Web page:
But the rise in frequency of strikes and protests has caused concern in Beijing, which in March urged bureaucrats across the country to prioritize “harmonious labor relations.”
In June, the State Council—China’s cabinet—issued guidelines for encouraging migrant workers to return home and try their hand at entrepreneurship. Some have already done so, using savings from factory stints along the country’s industrial coast.
Fan Quanlin, 28 years old, spurned family’s farm in Henan province 10 years ago to work at a Foxconn factory in Shenzhen. He has returned to Henan to open a smartphone store outside a factory Foxconn has opened in Zhengzhou, the provincial capital.
“Our profits have decreased as competition intensified in this area,” said Mr. Fan, who targets nearby Foxconn employees as his customers. “But I still make more money than an assembly worker, who only earns about 2,000 yuan a month.”
But to the men in Xiguozhuang, whose only work experience is in construction, career change isn’t a viable option. “We have no skills to take up factory jobs, no capital to start our own businesses,” said Wang Hongxing.
Their reluctance highlights the gap in expectations between younger and older migrants.
According to a 2013 study on migrant workers by the National Bureau of Statistics, some 80% of China’s 125 million migrants born in 1980 or later have never farmed. About 55% of them work in major or mid-size cities, compared with just 26% of migrant workers born before 1980.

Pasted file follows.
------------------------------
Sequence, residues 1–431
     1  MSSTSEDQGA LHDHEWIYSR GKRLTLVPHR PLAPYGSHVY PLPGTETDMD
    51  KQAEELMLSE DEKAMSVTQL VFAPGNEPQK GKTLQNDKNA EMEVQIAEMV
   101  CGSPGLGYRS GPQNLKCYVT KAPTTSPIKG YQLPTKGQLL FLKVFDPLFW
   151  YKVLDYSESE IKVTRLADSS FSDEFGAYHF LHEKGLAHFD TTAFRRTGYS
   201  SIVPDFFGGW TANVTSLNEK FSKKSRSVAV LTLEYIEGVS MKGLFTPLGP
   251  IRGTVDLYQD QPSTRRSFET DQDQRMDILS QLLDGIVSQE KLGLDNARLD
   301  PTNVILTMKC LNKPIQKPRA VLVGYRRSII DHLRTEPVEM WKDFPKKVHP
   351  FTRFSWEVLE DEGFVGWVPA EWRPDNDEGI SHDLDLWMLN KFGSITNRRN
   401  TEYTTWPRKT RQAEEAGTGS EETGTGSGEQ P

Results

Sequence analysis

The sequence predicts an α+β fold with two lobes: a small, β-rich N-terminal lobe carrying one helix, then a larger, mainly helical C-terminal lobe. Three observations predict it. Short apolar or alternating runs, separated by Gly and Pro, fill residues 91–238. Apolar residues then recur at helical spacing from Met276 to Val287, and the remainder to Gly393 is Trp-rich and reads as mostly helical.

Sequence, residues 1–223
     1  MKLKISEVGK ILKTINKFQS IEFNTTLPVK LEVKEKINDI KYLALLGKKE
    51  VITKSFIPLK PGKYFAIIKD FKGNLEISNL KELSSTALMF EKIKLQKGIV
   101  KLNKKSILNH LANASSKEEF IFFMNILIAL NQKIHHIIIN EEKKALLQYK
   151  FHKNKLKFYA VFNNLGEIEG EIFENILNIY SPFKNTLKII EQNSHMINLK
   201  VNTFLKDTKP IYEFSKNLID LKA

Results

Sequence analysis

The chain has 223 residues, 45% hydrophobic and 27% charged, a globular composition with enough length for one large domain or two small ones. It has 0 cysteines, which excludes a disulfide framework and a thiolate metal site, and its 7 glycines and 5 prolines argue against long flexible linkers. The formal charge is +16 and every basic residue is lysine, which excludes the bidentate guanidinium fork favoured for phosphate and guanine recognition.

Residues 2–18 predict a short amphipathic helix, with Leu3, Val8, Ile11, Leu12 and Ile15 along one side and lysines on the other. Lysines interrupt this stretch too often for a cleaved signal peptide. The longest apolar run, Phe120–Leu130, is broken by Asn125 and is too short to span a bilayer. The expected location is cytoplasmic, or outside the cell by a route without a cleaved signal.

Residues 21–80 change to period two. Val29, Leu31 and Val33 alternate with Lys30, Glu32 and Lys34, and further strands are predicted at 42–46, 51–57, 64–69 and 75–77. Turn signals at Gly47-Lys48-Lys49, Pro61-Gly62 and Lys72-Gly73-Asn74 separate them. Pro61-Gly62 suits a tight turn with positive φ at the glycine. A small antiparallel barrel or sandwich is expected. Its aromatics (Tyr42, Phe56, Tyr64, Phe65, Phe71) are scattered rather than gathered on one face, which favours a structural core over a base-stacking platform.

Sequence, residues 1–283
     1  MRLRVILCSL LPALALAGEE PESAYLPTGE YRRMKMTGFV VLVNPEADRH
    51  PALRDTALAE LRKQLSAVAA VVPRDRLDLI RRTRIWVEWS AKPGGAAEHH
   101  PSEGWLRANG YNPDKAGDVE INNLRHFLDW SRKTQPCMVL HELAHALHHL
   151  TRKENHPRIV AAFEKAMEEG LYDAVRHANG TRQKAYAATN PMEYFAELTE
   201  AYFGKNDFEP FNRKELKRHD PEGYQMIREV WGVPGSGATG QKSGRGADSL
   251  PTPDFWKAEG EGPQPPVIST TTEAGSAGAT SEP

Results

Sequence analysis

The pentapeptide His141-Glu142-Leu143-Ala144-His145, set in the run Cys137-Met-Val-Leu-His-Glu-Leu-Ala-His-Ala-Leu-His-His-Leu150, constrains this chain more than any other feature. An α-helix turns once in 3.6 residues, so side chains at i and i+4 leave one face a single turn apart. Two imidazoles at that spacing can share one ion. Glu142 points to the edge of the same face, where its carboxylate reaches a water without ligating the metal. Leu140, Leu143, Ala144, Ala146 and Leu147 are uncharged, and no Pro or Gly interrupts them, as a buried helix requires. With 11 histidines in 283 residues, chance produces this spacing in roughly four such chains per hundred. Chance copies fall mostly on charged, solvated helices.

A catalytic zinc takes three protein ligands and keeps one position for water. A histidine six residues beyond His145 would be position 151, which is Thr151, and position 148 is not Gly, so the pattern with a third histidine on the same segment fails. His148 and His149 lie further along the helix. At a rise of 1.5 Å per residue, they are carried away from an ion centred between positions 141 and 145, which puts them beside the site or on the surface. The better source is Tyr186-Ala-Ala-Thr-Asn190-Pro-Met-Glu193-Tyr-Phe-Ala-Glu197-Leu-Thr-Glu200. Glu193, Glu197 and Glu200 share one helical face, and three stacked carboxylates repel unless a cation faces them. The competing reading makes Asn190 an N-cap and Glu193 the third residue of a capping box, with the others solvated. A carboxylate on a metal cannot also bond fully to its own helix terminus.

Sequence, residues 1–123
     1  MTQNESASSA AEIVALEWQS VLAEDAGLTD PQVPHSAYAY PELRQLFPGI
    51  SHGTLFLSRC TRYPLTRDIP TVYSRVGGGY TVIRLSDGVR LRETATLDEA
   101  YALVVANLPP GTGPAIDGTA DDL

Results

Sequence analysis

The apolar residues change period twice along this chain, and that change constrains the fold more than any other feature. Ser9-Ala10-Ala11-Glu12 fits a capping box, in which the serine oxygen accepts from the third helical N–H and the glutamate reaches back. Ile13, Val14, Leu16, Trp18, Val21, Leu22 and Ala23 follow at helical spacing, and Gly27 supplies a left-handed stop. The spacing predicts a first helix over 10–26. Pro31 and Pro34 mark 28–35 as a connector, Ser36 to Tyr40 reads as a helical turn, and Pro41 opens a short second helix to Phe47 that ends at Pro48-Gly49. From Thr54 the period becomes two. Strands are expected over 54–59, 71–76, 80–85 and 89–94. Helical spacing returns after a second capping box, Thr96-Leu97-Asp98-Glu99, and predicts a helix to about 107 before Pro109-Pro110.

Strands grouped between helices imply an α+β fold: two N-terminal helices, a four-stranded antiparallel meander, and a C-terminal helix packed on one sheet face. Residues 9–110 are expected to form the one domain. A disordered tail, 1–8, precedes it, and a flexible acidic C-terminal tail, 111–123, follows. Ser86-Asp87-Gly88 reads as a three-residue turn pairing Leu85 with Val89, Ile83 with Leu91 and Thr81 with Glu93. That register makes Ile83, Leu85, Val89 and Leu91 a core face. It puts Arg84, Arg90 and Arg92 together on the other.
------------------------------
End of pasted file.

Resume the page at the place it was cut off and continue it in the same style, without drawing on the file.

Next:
But those, like Mr. Duan in Dongguan, who have gotten used to life in China’s traditional manufacturing hubs along the coasts, may need to adjust their expectations again as some manufacturers search for cheaper labor.
Wages in China’s manufacturing sector now exceed comparable levels in South and Southeast Asia by as much as six times, according to the state-backed Chinese Academy of Social Sciences. Some of the work has shifted to neighboring countries like Cambodia and Vietnam, while factories are also moving deeper into the mainland, and closer to home for many migrants.
So far, industrial relocation—or slowing demand for Chinese exports—haven’t overly harmed job prospects along the country’s coastal factory towns. Mr. Duan, who recently lost his toy-plant job, quickly found work at another factory.
But he expressed bitterness about how government officials treated him and his coworkers.
“Some of the officials asked us, ‘Why did you come here to Dongguan? Just stay home and work there!’” he recalled. “Don’t they know how much we’ve contributed to the economy?”